Little seems to have changed since Queen Victoria's day in the instant magnetism of British royalty across the Atlantic Ocean; yet for the first generations liberated by revolution, the British Isles and its sovereigns seemed as remote as the moon. In the young nation, Americans who were little interested in the sons and daughters of their last king, George III, developed a love-hate relationship with Victoria, his granddaughter, that lasted for all her sixty-four years on the throne, ending only with her death in the first weeks of the twentieth century. Victoria's long reign encompassed much of the time in which the young United States was growing up. The responses of Americans toward Victoria reveal not only what they thought of her (and her husband) as people and as monarchs, but reflect their own ambitions, confidence, smugness, insecurities-and sense of loss. Parting from England brought a surge of pride, but it also carried with it an unanticipated price. American encounters with Queen Victoria as person and as symbol evoke the costs of relinquishing a history, a tradition, a ceremonial texture. The brash, bewildered and beguiled Americans in these pages, from lion tamer Isaac Van Amburgh, Barnum's midget "Tom Thumb" and sharpshooter Annie Oakley, to literary lions like Nathaniel Hawthorne, Mark Twain and Henry James evince not only another dimension of the remote woman who might have been their queen, but what Americans were like, and what they thought they were like, in her time.
Library of Congress Summary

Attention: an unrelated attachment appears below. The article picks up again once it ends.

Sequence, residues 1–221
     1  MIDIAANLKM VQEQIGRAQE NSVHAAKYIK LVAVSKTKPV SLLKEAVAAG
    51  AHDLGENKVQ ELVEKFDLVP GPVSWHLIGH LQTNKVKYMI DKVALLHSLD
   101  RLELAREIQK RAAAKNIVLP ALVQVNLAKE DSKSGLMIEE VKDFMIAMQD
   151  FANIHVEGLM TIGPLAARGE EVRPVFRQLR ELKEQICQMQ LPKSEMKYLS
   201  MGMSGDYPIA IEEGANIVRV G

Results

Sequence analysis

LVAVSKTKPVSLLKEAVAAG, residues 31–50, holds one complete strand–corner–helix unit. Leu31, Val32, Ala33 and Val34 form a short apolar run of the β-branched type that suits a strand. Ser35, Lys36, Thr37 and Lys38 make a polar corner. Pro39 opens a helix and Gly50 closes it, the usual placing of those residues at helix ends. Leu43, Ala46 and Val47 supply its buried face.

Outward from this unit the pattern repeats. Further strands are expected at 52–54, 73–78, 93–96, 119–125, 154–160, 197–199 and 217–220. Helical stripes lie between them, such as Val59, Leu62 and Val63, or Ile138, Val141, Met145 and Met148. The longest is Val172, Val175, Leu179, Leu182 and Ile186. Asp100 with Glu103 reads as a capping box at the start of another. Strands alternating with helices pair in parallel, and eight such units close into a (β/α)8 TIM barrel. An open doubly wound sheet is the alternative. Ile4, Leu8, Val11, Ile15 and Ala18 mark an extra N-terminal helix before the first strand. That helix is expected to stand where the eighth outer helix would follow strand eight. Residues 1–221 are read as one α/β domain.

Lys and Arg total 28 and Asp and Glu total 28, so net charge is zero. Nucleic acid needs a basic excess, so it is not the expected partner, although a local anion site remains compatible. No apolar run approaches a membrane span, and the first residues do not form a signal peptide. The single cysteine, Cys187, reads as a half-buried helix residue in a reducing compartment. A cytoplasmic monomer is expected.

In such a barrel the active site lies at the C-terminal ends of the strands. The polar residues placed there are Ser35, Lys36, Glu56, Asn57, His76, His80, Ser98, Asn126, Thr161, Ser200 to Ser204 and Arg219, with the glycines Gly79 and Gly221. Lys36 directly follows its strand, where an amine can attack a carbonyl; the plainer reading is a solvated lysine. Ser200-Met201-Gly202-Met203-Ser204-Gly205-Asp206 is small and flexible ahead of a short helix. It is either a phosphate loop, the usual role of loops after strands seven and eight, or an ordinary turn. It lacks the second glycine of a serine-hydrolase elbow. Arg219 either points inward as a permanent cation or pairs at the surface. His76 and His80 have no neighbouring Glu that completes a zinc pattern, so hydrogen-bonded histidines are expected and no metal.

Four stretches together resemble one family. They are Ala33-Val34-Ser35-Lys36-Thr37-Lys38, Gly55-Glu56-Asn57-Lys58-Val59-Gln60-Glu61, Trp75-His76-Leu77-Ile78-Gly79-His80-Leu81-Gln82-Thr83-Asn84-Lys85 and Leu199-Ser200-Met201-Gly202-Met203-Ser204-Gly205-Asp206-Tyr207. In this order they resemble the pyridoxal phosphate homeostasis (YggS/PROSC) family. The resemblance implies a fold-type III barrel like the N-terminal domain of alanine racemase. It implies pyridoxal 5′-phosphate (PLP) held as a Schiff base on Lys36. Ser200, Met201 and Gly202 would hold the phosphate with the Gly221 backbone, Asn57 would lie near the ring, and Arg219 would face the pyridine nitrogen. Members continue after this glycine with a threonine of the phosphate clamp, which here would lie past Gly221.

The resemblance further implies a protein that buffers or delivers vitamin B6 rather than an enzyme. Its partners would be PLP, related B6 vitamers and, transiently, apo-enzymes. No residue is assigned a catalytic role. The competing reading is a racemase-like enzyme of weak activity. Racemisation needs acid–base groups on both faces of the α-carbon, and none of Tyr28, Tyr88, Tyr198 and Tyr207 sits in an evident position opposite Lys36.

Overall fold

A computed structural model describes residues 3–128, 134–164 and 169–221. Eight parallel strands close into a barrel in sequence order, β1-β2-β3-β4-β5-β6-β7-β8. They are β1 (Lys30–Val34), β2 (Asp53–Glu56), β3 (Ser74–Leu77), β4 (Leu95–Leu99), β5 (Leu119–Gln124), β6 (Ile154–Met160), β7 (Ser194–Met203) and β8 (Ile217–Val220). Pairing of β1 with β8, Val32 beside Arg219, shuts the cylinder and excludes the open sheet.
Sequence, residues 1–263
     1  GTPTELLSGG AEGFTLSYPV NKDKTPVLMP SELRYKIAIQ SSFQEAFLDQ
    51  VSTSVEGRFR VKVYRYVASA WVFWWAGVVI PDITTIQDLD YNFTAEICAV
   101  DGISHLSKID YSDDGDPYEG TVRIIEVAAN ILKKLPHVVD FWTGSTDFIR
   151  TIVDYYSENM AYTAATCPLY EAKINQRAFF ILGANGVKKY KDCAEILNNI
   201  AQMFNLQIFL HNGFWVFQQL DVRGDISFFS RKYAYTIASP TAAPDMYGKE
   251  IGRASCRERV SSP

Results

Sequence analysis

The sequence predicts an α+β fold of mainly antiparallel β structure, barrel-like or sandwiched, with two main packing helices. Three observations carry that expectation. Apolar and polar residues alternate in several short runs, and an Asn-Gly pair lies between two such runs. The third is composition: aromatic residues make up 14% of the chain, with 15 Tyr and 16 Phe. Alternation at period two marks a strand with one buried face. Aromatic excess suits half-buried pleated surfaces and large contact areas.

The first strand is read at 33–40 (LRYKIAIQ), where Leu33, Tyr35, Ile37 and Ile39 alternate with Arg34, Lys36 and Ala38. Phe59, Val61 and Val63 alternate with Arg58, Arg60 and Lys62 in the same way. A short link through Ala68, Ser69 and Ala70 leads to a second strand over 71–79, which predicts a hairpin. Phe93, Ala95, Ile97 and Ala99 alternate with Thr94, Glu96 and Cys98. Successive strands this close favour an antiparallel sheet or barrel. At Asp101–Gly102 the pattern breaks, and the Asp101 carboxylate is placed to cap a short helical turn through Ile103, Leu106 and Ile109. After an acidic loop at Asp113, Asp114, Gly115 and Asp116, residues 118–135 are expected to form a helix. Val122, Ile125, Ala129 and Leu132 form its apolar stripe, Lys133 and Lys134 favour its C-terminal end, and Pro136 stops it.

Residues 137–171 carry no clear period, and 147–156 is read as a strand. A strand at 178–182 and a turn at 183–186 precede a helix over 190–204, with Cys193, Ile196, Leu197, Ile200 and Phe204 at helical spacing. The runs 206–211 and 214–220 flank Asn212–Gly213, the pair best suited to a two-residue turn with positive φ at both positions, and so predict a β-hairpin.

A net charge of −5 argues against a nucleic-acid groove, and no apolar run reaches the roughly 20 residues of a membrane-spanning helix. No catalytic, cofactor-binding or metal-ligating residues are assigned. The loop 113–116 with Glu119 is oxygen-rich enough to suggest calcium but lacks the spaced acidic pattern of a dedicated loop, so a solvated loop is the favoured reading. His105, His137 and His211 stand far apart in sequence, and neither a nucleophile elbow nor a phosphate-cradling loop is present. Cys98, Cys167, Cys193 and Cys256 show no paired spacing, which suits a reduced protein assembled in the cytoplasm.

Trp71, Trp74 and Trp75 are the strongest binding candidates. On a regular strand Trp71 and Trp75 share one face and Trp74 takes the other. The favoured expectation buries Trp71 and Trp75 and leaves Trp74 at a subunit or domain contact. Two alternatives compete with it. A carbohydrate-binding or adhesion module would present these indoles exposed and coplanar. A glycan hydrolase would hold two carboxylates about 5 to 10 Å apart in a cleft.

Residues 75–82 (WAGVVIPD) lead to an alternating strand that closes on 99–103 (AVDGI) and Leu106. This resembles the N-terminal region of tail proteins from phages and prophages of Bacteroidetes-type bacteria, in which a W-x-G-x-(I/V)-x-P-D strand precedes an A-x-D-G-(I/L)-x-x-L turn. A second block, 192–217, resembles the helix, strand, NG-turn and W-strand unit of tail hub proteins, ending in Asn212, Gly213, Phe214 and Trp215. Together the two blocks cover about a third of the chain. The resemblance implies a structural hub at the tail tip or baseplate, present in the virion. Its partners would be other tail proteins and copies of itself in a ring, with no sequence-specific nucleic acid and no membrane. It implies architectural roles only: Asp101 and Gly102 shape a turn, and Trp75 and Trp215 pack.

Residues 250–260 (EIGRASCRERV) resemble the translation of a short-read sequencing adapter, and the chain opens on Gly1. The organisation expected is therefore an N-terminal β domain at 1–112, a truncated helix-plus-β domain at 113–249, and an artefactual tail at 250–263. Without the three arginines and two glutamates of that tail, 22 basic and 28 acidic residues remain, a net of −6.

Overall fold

"Little seems to have changed since Victoria's day in the instant magnetism of British royalty across the Atlantic; yet for the first generations liberated by revolution, the British Isles and its sovereigns seemed as remote as the Moon. In the young nation, Americans who were little interested in the sons and daughters of their last king, George III, developed a love-hate relationship with Queen Victoria, his granddaughter, that lasted all her sixty-four years on the throne, ending only with her death in the first weeks of the 20th century"--"Little seems to have changed since Victoria's day in the instant magnetism of British royalty across the Atlantic; yet for the first generations liberated by revolution, the British Isles and its sovereigns seemed as remote as the Moon. In the young nation, Americans who were little interested in the sons and daughters of their last king, George III, developed a love-hate relationship with Queen Victoria, his granddaughter, that lasted all her sixty-four years on the throne, ending only with her death in the first weeks of the last century. Victoria's long reign encompassed much of the time in which the young United States was growing up. The responses of Americans toward Victoria reveal not only what they thought of her (and her husband) as people and as monarchs, but reflect their own ambitions, confidence, smugness, insecurities - and sense of loss. Parting from England brought a surge of pride, but it also carried with it an unanticipated price. American encounters with Victoria as person and as symbol evoke the costs of relinquishing a history, a tradition, a ceremonial texture. A professedly egalitarian society found itself instantly without some of the familiar associations it valued, and Americans recognized the deficiency. Often, as a matter of pride, they left that realization unspoken. Victorian Yankees at Queen Victoria's Court is, then, a selective lens into nineteenth-century America -- an offbeat way to look at a people and a nation possessed with unruly energy and burgeoning into a wary greatness"--
Table of Contents
Prefacep. xi
Republican Yankeesp. 1
Coronation and Afterp. 15
Victoria and Albertp. 31
Yankee Doodle Comes to Townp. 53
Seeing the Queenp. 67
Before the Delugep. 81
Civil War at Homep. 99
An End to Seclusionp. 115
Guest Talesp. 131
"Grandmother England"p. 147
Command Performancesp. 163
Jubilee Encorep. 181
Last Encountersp. 201
Afterword: Caisson for a Queenp. 217
Acknowledgmentsp. 221
Notesp. 223
Sourcesp. 229
Indexp. 247
Table of Contents provided by Ingram. All Rights Reserved.